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VOLUME LXXIX.-NO. 64.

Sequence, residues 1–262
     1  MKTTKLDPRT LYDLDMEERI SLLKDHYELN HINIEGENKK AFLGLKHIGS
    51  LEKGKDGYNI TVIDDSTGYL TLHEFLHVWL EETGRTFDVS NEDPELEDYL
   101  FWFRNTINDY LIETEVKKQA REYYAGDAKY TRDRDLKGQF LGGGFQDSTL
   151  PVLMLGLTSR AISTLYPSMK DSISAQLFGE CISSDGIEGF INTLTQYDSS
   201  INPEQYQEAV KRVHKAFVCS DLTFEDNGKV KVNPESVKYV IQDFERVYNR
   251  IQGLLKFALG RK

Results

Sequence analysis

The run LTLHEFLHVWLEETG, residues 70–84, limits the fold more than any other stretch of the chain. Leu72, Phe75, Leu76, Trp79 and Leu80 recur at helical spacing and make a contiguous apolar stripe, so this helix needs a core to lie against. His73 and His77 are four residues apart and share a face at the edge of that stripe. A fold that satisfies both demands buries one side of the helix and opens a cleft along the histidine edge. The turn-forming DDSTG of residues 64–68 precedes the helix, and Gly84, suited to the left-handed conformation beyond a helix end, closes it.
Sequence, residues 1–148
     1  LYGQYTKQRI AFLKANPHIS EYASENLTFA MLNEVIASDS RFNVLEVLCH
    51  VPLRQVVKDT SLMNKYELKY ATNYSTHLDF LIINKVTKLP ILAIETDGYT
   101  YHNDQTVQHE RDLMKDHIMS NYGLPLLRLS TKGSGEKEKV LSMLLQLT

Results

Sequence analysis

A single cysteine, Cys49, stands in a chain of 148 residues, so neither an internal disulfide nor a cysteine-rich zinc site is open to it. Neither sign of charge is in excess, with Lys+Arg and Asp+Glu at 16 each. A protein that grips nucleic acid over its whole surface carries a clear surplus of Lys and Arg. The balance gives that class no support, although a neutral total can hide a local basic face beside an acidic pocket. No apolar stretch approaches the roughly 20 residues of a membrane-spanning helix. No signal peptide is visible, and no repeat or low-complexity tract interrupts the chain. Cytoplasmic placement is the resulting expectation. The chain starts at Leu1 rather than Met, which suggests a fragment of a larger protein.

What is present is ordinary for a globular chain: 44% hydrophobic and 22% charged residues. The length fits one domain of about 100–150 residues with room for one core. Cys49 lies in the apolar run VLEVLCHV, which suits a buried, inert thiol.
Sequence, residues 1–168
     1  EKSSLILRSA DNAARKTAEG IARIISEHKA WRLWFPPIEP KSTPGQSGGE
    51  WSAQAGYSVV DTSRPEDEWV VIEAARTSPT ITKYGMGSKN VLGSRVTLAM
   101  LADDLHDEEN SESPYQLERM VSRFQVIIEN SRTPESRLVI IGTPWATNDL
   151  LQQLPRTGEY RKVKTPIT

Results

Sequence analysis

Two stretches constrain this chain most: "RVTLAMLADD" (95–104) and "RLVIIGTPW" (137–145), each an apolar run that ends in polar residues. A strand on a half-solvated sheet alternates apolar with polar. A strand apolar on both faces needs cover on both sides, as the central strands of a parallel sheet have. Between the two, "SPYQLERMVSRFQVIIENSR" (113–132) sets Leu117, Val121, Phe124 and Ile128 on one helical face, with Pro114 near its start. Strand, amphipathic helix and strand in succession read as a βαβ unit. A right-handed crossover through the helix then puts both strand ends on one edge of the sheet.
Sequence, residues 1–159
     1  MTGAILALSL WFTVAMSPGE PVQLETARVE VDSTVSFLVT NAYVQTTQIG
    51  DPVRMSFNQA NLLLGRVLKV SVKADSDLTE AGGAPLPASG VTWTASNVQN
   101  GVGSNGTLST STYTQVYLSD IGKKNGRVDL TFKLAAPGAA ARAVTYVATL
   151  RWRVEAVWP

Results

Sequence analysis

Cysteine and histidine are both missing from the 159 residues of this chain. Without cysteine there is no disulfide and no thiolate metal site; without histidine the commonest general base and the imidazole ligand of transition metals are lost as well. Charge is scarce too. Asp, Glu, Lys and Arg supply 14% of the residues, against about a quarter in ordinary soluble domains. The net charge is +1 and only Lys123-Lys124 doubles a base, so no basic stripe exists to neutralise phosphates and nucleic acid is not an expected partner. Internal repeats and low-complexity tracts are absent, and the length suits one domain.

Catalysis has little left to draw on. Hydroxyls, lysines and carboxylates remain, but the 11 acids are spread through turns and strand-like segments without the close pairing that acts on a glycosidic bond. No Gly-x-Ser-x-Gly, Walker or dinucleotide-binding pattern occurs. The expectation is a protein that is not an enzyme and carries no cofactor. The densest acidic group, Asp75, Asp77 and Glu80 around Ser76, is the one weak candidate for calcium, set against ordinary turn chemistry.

INTRIGUES OF GREAT POWERS. Ferdinand's Conduct May Cause Russia to Rule Bulgaria, SCHEMES FOR ALLIANCE. When the Snow Melts the Czar Will Send an Army Corps Into Armenia. ATTEMPTS TO PLACATE FRANCE. Preliminaries on the Part of England to Gain Support to Answer Germany's Affront. (Copyright, 1896, by the N«w York Times.] LONDON, Eng., Feb. I.— Ever since the revolting butchery of Stambouloff the people of Europe have been keeping one eye on. Prince Ferdinand, watching to see his feet slip in the blood of his victim, and there is heightened dramatic excitement about the task just now, for it looks as if a week or bo must brinjr this cowardly Coburger to a reckoning of seme sort. He is arriving in Sofia to-night, after hav ing been to Paris, where bis'doings remain unknown, thence to Rome, where the Pope sneered at him as too despicable for the church's wrath and Ram polio showed him the door, and to Vienna, where the im perial officials declined to see him at all. In his absence the Bulgarian Ministry has issued invitations to the ceremony of Prince Boris' conversion to the Orthodox faith, called out the military to suppress any possible disorder, and stand ready ap parently to dictate terms to Ferdinand. He left Vienna, saying sorrowfully to his friends that probably he will have to abdicate and that he must reach a final decision within the next few days. It is not so clear that the power of de cision is any longer in his hands, but it will be no surprise if next week sees him either quitting Bulgaria altogether or pub licly submitting to the baptism of his son, which wiil be tantamount to putting the 7-rincipaiUy into the pocket of the Gzar. i-jitlu.-r alternative must bring Bulgaria to the from in Europe's anxious eye and keep it there. There are other ways in which all men see it likely that the East ern question will be reopened next spring, but none of which threatens the general peace so nearly as this Bulgarian busi ness. It is conceivable that Russia may, •under the guise of an arrangement with the Sultan, march an army corps . into Armenia when the snow melts, as she is expected to do, without meeting with practical resistance from any other power, but it is hardly believable that Austria can sit still and see Bulgaria substantially under the protectorate of the Czar. As the Triple Alliance makes common action binding only when one of the •*•"% ties is invaded, Austria could not claim Germany's assistance in such an emer gency ; but it is now clear that Bhe is striv ing to form another combination of her own with England, Italy and Roumania to help her to meet this' impending crisis. It may be taken as fairly certain that England's recent attempts to placate France are preliminaries or accompani ments to the proposition that she will quit Russia and join this new league to answer Kaiser Wilhelm's affront to Eng land and his practical betrayal of his al lies for the sake of the Czar's friendship by arraying against this new Russo-Ger man entente a general European league, and this would delight Vienna and Rome scarcely Jess than London. France, however, weighß her enthusiastic hopes of Russian assistance against her fears of Muscovite treachery and her memories of German conquest and spoliation, and hesitates. If the matter could be fairly, argued in France her choice would be less doubtful, but her press is so largely under the con trol of German syndicates and of others, whose business it is at all hazards to keep her making friends with England, that there is rather a dubious chance of the Chambers being brought round to see things as they are. Meanwhile the British flying squadron, which was mobilized with such a startling display of urgency, is being calmly held in the Solent to take part in Prince Henry of Battenberg's funeral. This remarkable alteration of plans is ascribed to deference to the Queen's wish, but it is hard to sup pose that this would have been done if something else had not happened to change the situation. It is more likely that the funeral services are in the official mind as a welcome pretext for keeping the squadron wher* it forms in practice a huge addition to the channel fleet, and yet affords no ground for diplomatic inquiries. fThe notion referred to last week that there was ill feeling growing up between Salis bury and Chamberlain has made a marked advance in the minds of the politicians since then. Salisbury's speech last night has been studied to-day with great intent ness, and people find in it all sorts of hints to confirm this suspicion. Especially does his jocose treatment of the Transvaal busi ness, in which he seems on the whole rather to approve of Dr. Jameson than otherwise, read like a deliberate attempt to belittle Chamberlain's performances. His curious and unsatisfactory eulosium of the Monroe doctrine, too, though nomi nally in answer to John Morley, is visibly by way of a rejoinder to Chamberlain, who was shrewd enough a week ago to-night to see which way the cat was jumping, and suddenly posed as more ardently de sirous of American friendship than any body else in the Ministry. In fact, when Parliament meets ten days hence it will be with the feeling in the air that new and large party combinations are possibly impending. The two by-elec tions in London this week have shown the Liberal party to be even weaker now than it wa& when it amazedly picked itself out The San Francisco Call. SAN FRANCISCO, SUNDAY MORNING, FEBRUARY 2, 1896— TWENTY-EIGHT PAGES. COLUMBIA OFFERS PEACE TO STRUGGLING CUBA. of the mud last July. Its rank and file begin to fear that it has been too terribly mangled to go on holding up its head alone, even if it could shake off the Rose bery incubus which paralyzes at the top. Rumors that Chamberlain may work his chartered, company cards so as to put the Tories in the. wrong, and be able to march triumphantly back with most of his Unionist followers into the Liberal camp, and with an issue on which to sweep the country when he goes before it as a Lib eral leader, begin to filter through Liberal circles. These no longer abhor Chamber lain as they did a year ago, and they are very sick over having risked and lost so much for the sake of the home rule phan tom. Who knows? Stranger things have happened. Very soon now the arrival in relays of Cecil Rhodes and his lawyers, then Jame son and his officers, then his paroled troops will be imposing on Englishmen in practical form the extremely embarrassing task of settling what is to be done about the whole vexatious business. Thus far nobody seems to know what tribunal they are to be brought before, or what the Min istry's intentions in the matter are. Many rumors are afloat about the difference of opinion in the Cabinet on this point, hint ing that Chamberlain in- his efforts to secure a real trial is being opposed by powerful influences in the interest of the chartered company, but these stories are probably born of surmise. There is a cer tain crim humor in one aspect of the case. A. doleful parent writes to the Tames pointing out that these 400 Jameson troop ers who are on their way home are mostly young men whose parents sent them to the Cape to try their fortunes, and will now get them back on their hands with nothing to do but fit them out again and send them back to Africa once more, and as they are largely sons of needy small gentry this expense will be a grievous blow to their parents, and he thinks that the chartered company ought to be made to pay the $50,000 or so that it will cost. The first genuine test of the stability of the Bourgeois Ministry will come appar ently on the income tax proposal in the budget submitted to-day. The scheme differs in a remarkable way from all pre vious attempts to apply a graduated scale to income taxation, in that it separates into different classes each individual in come. Thus a man with $15,000 a year pays 5 per cent on $6000, 4 per cent on $5000, 3 per cent on $2000, 2 per cent on $1000 and 1 per cent on $500, and the remaining sum of $500 is to be exempt. To this extraordinary com plication in added the intricacy of a sys tem by which deductions are to be made on account of the number of children a man has, which in the case of a large fam ily might wipe off half of his taxation. This putting of- a premium on popula tion is only too excusable in France, where people look fbrward with positive dread to tke results of the quinquennial census in the coming spring, but it makes the budget easier for the opponents of the tax to as sail. Their campaign is to be based broadly on the fact that the proposed change, by its concurrent abolition of the house tax, will relieve of all taxation 5,500 i obo present taxpayers, reduce the taxes now collected from another million and put ,on the shoulders of the remaining half million the burden of not only making good this huge deficit, but also of providing an extra s\im of $1,200,000 above that the treasury now receives. Harold Fbedekio. CUBANS WENT WILD IN THEIR GREAT JOY. But the Spanish on the Island Were Angered by This Coun try's Attitude. FIGHTING IN THE INTEKIOK. General Cavalla Surprised by Insur gents and His Forces Defeated With Great Slaughter. HAVANA, Cuba, Feb. I.— The news of the action of the Foreign Relations Com mittee of the Senate was like a bombshell here. The Spaniards bad relied on assur ances that the United -States would refuse to recognize the belligerency of the Cu bans. All cables intimating the commit tee's probable action were suppressed. Frequent cables from Madrid were pub lished stating there was no probability ol favorable action. The Spaniards felt secure and me Cubans had lost hope of recogni- ■ tion. The first step created a tremendous sen sation. The Government refused to per mit the papers to publish the New York' cables, but allowed them to print the Madrid cables, stating that the Cabinet held a session to consider the action of the committee in favor of the recognition of belligerency. The Spaniards are highly indignant. The newspaper organs of the Conservative and Reform parties denounce the action and refuse to believe that Congress and the President will approve it. They declared that if the United States took such action they would lose more than Spain. They called attention to Spain's additions to the navy and increase of defenses for Cuban ports, saying Spain is prepared for any emergency. The Cubans went wild with joy. Many failed to understand that final action has not yet been taken. The Cubans de clared ail they wanted was an opportu nity to build ships and get arms and am munition. They said the adoption of the report meant victory for the Cuban cause. The feeling against Americana in Spanish circles is increasing. There is little doubt that further action by the United States will make their posi tion here uncomfortable. The American residents would feel secure if a warship were here. The moral effect alone would be great. Germany is the only foreign nation represented here now. She has three schoolships in the harbor. The French fleet is said to be coming. The Americans declare that keeping the war shipsr.away is an outrage. General Marin took charge of the active field operations in the hope of a decisive battle with Gomez. He has a great oppor tunity before the arrival of Weyler. More troops are massed in the center of Havana province than ever before. There are strong fortifications at every station armored cars are movable along the rail road between the stations, and all points are connected by telegraph. Yet Gomez crosses when he pleases. Marin started west for Guanajay Thurs day morning and stopped over night at San Antonio owing to tracks being re moved and wires cut west. Marin be lieved that both Gomez ana Maceo were penned up in Pinar province. He in tended pursuing them, making Guanajay the base of operations. Gomez, instead of continuing his march westward to meet Maceo, moved around Guanajay, brushed against Marin's pickets Thursday at San Antonio, passed east through Banos, struck the railroad line between Bejucal and Quivican, twenty miles south of Havana, crossing to the vicinity occupied last week. General Cavalla, moving up the line on a train from Batabana with 800 men, Thursday afternoon, was stopped by the rails being removed. Supposing there was only a small band of rebels he ordered the troops to attack and found himself sur rounded by Gomez and his party, in danger of being wiped out. The troops were saved by the arrival of re-enforcements after losing many men. The Government refuses to furnish any information. The other sources place the Spanish loss at 200 men. It is believed this is exaggerated. General Marin learned of Canalla's fight Friday morn ing and changed his plan upon finding Gomez behind him and moved back to Rincon, theii southward to San Felipe, where strong defenses have been erected. Maceo when last reported was n«sr the center of Pinar province moving east. His Continued on Third JPage. PRICE FIVE CENTS. THAT CHARTER IS IN DANGER Prospects for the Passage of the Repeal Bill Are Good. GOEBEL IS DETERMINED, And Has Many Supporters in the Battle Against the Southern Pacific. HTTNTINGTON'S MANY LINES. Men Who Manage Them Will Assist in the Great Lobby to Defeat the Measure. . FRANKFORT, Ky.. Feb. I.— The Senate bill to repeal the charter of the Southern Pacific Railroad has been referred to the committee of which Senator "William E. Goebel, the author of the bill, is chairman. The biH will be taken up before the com mittee the first cf the week, and, it is said, will be met with strong opposition, which, as yet, has not openly developed. Marked copies of a newspaper contain* ing a history of the charter and urging ita repeal were laid on the desks of every member of ' the House and Senate this morning and great interest is now being manifested in the bill. A hot fight is in sight, which promises to be of greater interest than the Senatorial deadlock. Senator Goebel declares there is no ques tion as to the right of the Legislature to repeal the charter and has been laying lines in that direction. The opposition will bring the greatest fight in the House should the bill pass the Senate and owing to the limited session will attempt to prevent its coming to a final vote. The part of Governor Bradley's message sent yesterday which referred to the abuses of the system followed by railroads doing business in the State under foreign charters was well taken as far as Hunting ton's system in Kentucky ia concerned, as will be seen by a consideration of the lines operated by him and his associates under one name or another. "Old Smoothing Iron" (John Echols) has been no <mall factor in fixing the '•integrity and morai durability' 1 of this system, aad his associate, St., John Boyle, has done his full part, and though now associated with Echols in the receivership of the C. O. and 8. W. Railroad finds plenty of time to 'come to Frankfort and fight against the bill to repeal the South ern Pacific charter. Mr. Boyle has a num ber of times been the candidate of the Re publican party in Louisville for Congress and once of the party for Governor. In a matter of this kind, however, and involving such vast interests, the Confed erate lion and the Union lamb are content to browse together In Hun tington's good pastures, and even fight together for his interests. Huntington's ocean to ocean system en ters Kentucky at Ashland on the north east and leaves It at the southwestern cor ner. It is generally understood that all his lines from Newport News to New Or leans are controlled by the Newport News and Mississippi Valley. From Ashland to Cincinnati and Lexington the lines are run by his Chesapeake and Ohio Railroad Gom pauy, of which M. E. Ingalls of Cincin nati is president and George T. Bliss of New York is vice-president, and Decatur Axtelle of Richmond second vice-presi NEW TO-DAT. (P\ D A T) V 0^ \ st *\ KA rSY J^^J HUMOURS . 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